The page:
Although the embodiment of the invention herein described relates to the fabrication of transistors, it is to be understood that the process is also applicable to the fabrication of many other types of semiconductor devices having a fewer or greater number of leads. When utilizing a greater number of leads, the leads may be disposed at angles so as to converge at a central point, and one or more devices may be connected to one or more leads and to the various leads. Then all of the devices and leads may be encapsulated in a common body of plastic.
Although preferred embodiments of the invention have been described in detail, it is to be understood that various changes, substitutions and alterations can be made therein without departing from the spirit and scope of the invention as defined by the appended claims.
What is claimed is:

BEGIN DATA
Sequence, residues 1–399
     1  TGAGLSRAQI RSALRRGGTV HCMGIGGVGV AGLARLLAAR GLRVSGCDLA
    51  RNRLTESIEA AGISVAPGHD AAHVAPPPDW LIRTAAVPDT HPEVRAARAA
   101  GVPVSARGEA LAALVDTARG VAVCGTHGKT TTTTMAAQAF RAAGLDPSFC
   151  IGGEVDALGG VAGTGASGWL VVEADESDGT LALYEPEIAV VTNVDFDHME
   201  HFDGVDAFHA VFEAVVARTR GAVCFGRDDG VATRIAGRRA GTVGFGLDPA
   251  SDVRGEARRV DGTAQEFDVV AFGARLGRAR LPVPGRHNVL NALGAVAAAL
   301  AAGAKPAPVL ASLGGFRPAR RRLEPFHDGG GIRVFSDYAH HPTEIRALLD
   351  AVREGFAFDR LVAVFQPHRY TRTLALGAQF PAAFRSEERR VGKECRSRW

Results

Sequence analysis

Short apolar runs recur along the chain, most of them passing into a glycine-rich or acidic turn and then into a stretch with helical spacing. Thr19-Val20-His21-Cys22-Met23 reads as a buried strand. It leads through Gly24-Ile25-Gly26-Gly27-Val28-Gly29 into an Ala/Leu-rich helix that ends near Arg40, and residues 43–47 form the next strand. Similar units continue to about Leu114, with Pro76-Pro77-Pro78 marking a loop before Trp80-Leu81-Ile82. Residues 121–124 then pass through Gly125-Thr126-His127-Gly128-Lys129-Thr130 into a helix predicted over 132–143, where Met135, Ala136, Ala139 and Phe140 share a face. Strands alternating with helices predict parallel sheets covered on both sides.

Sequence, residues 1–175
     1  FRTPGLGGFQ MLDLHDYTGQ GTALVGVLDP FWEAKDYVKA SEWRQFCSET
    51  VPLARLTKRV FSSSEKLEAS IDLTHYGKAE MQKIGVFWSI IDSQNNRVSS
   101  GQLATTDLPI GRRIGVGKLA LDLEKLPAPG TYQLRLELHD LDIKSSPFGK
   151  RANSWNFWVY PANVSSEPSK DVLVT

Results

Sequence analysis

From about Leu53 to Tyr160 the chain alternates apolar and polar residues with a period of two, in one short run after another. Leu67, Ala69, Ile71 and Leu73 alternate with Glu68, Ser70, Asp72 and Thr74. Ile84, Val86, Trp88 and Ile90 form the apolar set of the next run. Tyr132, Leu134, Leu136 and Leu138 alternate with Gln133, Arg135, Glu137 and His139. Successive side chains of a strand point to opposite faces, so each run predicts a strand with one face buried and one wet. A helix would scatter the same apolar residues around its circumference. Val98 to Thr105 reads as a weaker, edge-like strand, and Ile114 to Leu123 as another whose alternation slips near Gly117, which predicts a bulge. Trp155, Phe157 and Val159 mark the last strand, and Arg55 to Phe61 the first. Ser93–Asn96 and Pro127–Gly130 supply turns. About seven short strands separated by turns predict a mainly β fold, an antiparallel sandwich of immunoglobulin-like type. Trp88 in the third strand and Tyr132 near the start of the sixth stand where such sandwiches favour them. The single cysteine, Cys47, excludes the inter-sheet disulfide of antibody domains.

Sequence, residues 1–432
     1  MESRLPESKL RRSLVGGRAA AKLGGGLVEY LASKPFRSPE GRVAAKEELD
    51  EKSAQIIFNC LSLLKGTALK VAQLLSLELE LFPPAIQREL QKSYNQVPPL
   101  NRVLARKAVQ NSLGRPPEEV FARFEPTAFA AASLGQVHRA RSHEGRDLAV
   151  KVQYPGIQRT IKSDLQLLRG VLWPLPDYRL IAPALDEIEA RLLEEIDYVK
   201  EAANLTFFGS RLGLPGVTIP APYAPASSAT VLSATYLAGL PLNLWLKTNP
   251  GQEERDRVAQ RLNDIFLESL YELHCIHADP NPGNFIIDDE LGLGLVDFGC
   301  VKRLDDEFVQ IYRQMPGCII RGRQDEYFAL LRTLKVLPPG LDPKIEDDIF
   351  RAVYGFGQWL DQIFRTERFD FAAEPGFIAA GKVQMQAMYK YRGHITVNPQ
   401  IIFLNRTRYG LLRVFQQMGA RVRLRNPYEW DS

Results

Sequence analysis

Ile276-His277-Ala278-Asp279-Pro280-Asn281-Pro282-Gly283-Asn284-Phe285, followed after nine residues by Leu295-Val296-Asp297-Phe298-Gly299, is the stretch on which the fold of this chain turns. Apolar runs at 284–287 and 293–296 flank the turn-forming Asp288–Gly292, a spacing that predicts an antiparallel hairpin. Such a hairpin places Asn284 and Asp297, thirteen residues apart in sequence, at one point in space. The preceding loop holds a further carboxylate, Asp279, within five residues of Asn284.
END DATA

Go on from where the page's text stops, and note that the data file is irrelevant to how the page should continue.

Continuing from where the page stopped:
ll. A tray for holding a plurality of generally rectangular carrier blocks each having top and bottom surfaces, opposite side surfaces and front and rear end surfaces with a plurality of grooves formed in the top surface and extending to the front end surface, a transverse groove in at least one of the top and bottom surfaces extending between the side surfaces, and an alignment groove formed in each of the side surfaces and extending to the bottom surface, the alignment grooves being disposed one opposite the other, the tray comprising an elongated body having a substantially uniform cross section characterized by a base plate for supporting the carrier blocks in side-by-side relationship extending transversely of the elongated body, a top plate extending over a portion of the top surfaces adjacent the rear end surfaces but leaving the grooves in the top surfaces exposed adjacent the front end surfaces, means extending by the rear end surface and connecting the top plate to the base plate, a rib formed on at least one of the base or top plates and adapted to enter the respective transverse grooves and retain the carrier blocks between the plates, means at each end of the tray for retaining the carrier blocks on the rib, and a plurality of alignment holes in the base plate positioned to receive alignment pins projecting upwardly through the alignment holes into the alignment grooves between adjacent pairs of carrier blocks.